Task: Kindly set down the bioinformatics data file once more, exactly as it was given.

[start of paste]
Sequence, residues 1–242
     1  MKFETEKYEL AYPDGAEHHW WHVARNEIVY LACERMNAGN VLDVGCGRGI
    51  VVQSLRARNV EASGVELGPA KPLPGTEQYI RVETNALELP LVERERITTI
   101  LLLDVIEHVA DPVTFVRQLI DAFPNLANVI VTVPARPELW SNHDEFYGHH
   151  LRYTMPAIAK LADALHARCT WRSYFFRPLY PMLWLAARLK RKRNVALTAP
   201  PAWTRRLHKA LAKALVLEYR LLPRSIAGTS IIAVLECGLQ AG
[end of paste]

Sequence, residues 1–242
     1  MKFETEKYEL AYPDGAEHHW WHVARNEIVY LACERMNAGN VLDVGCGRGI
    51  VVQSLRARNV EASGVELGPA KPLPGTEQYI RVETNALELP LVERERITTI
   101  LLLDVIEHVA DPVTFVRQLI DAFPNLANVI VTVPARPELW SNHDEFYGHH
   151  LRYTMPAIAK LADALHARCT WRSYFFRPLY PMLWLAARLK RKRNVALTAP
   201  PAWTRRLHKA LAKALVLEYR LLPRSIAGTS IIAVLECGLQ AG